Bosher, M. (2001) How can I as an educator and Professional Development Manager working with teachers, support and enhance the learning and achievement of pupils in a whole school improvement process? Ph.D. University of Bath. Retrieved 19 February 2004 from http://www.actionresearch.net/bosher.shtml


Delong, J. (2002) How Can I Improve My Practice As A Superintendent of Schools and Create My Own Living Educational Theory? Ph.D. University of Bath. Retrieved 19 February 2004 from http://www.actionresearch.net/delong.shtml


Scholes-Rhodes, J. (2002) From the Inside Out: Learning to presence my aesthetic and spiritual being through the emergent form of a creative art of inquiry. Ph.D. University of Bath. Retrieved 19 February 2004 from http://www.bath.ac.uk/~edsajw/rhodes.shtml


Roberts, P. (2003) Emerging Selves in Practice: How do I and others create my practice and how does my practice shape me and influence others? Ph.D. University of Bath. Retrieved 19 August 2004 from http://www.bath.ac.uk/~edsajw/roberts.shtml


Punia, R. (2004) My CV is My Curriculum: The Making of an International Educator with Spiritual Values. Ed.D. University of Bath. Retrieved 19 August 2004 from http://www.bath.ac.uk/~edsajw/punia.shtml


Hartog, M. (2004) A Self Study Of A Higher Education Tutor: How Can I Improve My Practice? Ph.D. University of Bath. Retrieved 19 August 2004 from http://www.bath.ac.uk/~edsajw/hartog.shtml


Church, M. (2004) Creating an uncompromised place to belong: Why do I find myself in networks? Retrieved 24 May 2005 from  http://www.bath.ac.uk/~edsajw/church.shtml


Naidoo, M. (2005) I am Because We Are. (My never-ending story) The emergence of a living theory of inclusional and responsive practice. Ph.D. University of Bath. Retrieved 2 April 2006 from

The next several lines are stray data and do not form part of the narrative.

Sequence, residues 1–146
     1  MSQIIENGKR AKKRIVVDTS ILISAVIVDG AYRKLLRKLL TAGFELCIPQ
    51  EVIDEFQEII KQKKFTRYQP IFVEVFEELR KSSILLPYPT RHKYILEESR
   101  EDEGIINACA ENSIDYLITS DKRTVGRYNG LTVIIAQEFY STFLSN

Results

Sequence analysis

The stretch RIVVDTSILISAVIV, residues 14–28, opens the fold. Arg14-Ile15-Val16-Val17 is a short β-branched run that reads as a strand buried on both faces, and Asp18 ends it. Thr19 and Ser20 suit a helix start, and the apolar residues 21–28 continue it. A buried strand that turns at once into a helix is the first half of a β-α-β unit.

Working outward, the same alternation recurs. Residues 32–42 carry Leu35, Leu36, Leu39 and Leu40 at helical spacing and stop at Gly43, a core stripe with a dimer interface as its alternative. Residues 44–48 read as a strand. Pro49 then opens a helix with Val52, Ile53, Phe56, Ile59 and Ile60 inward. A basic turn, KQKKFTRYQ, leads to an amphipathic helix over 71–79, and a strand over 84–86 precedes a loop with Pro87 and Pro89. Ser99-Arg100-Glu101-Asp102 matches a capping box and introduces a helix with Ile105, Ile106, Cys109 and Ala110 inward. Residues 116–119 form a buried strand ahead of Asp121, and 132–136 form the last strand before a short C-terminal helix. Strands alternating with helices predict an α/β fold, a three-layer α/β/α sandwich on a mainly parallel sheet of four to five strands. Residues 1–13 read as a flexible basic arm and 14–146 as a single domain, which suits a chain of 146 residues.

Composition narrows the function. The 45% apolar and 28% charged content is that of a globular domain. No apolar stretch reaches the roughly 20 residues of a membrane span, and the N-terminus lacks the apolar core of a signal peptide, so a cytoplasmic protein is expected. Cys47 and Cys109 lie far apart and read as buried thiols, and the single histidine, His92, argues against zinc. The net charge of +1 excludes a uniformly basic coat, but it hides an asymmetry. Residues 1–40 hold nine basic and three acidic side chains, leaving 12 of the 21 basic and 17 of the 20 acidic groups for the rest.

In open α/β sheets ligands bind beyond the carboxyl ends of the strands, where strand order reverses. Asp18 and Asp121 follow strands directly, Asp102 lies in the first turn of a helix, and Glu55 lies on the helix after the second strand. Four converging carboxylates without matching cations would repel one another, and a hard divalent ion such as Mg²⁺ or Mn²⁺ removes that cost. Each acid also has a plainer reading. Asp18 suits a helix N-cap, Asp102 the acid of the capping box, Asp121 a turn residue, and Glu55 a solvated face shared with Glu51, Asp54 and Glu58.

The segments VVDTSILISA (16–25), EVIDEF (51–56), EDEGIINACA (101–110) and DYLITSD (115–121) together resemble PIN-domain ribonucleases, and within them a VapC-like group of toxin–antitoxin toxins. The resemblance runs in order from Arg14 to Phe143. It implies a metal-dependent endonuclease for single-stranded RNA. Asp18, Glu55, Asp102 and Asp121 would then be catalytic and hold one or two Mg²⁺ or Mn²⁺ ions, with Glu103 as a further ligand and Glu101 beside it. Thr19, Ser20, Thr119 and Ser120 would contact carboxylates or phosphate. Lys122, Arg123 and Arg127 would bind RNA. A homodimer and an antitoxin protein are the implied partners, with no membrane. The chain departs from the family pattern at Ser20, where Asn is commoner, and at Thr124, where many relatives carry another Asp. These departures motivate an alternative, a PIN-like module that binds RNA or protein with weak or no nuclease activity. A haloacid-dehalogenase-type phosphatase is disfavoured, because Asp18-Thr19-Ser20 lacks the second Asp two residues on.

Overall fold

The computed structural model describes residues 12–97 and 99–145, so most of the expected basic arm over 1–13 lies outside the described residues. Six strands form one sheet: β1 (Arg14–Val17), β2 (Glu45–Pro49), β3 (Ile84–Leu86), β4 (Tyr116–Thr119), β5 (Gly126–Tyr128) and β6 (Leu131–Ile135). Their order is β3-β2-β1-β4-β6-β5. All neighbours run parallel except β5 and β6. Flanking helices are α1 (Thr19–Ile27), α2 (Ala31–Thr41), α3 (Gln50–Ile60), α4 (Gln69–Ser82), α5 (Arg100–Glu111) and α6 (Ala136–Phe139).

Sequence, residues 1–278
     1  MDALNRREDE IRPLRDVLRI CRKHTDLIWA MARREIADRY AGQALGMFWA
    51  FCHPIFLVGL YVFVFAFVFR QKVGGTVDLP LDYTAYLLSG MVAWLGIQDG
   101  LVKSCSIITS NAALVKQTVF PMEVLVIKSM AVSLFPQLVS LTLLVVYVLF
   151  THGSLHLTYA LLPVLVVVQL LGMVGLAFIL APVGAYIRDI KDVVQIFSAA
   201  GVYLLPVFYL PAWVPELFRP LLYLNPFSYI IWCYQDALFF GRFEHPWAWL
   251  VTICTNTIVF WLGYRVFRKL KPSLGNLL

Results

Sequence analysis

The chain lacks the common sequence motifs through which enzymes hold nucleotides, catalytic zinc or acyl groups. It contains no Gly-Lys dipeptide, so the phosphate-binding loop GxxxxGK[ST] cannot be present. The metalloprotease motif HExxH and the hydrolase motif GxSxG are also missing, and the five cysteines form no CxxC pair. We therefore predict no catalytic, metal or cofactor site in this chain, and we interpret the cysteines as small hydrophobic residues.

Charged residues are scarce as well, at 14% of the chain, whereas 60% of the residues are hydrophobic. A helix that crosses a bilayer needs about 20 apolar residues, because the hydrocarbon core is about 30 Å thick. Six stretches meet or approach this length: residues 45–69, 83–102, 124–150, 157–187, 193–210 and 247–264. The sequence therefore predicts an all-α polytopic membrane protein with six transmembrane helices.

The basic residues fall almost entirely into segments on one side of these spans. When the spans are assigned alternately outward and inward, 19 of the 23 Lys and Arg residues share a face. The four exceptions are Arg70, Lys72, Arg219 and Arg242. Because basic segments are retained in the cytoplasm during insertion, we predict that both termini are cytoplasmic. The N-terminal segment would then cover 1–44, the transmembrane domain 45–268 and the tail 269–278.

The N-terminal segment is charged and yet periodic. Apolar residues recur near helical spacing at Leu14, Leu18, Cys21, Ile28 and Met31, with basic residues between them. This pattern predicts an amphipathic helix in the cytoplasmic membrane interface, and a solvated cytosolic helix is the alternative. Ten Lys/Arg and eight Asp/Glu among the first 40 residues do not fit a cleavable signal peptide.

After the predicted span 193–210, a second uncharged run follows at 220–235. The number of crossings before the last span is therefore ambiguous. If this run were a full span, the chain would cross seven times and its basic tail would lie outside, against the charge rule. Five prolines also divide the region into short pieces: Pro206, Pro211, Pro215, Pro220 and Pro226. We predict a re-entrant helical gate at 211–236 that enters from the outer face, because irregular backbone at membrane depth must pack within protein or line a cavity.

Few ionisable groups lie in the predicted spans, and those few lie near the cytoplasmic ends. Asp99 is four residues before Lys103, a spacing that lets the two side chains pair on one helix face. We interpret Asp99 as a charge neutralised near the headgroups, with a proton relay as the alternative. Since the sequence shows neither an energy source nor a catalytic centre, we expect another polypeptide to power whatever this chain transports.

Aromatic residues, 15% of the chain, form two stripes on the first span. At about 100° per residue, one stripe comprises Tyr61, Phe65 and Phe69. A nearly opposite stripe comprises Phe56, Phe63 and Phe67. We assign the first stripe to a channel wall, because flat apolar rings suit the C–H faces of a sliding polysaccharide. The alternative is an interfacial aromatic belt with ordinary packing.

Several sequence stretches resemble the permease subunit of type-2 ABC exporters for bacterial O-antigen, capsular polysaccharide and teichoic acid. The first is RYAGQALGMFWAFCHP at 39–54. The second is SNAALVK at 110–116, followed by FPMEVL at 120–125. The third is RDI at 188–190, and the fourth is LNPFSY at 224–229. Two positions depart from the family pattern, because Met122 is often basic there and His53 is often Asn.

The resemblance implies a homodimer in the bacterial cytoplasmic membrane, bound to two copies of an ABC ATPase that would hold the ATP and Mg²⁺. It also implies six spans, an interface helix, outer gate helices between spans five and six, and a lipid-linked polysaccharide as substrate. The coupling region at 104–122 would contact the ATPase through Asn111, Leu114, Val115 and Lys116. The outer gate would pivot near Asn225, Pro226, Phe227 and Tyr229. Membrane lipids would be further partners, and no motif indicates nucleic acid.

Farren, M. (2005) How can I create a pedagogy of the unique through a web of betweenness? Ph.D. University of Bath. Retrieved 2 April 2006 from http://www.bath.ac.uk/~edsajw/farren.shtml


Lohr, E. (2006) Love at Work: What is my lived experience of love and how might I become an instrument of love's purpose. Ph.D. University of Bath. Retrieved 26 May 2006 from http://www.bath.ac.uk/~edsajw/living.shtml


There is further evidence of successful facilitation from the masters enquiries of practitioner-researchers at:




in the AR in China at Guyuan section of http://www.bath.ac.uk/~edsajw/moira.shtml


in the Jean McNiff homepage at http://www.jeanmcniff.com


and in the five volumes of Passion in Professional Practice, from Canada at http://schools.gedsb.net/ar/passion/index.html


Explaining successful/unsuccessful facilitations of a living theory approach to educational research.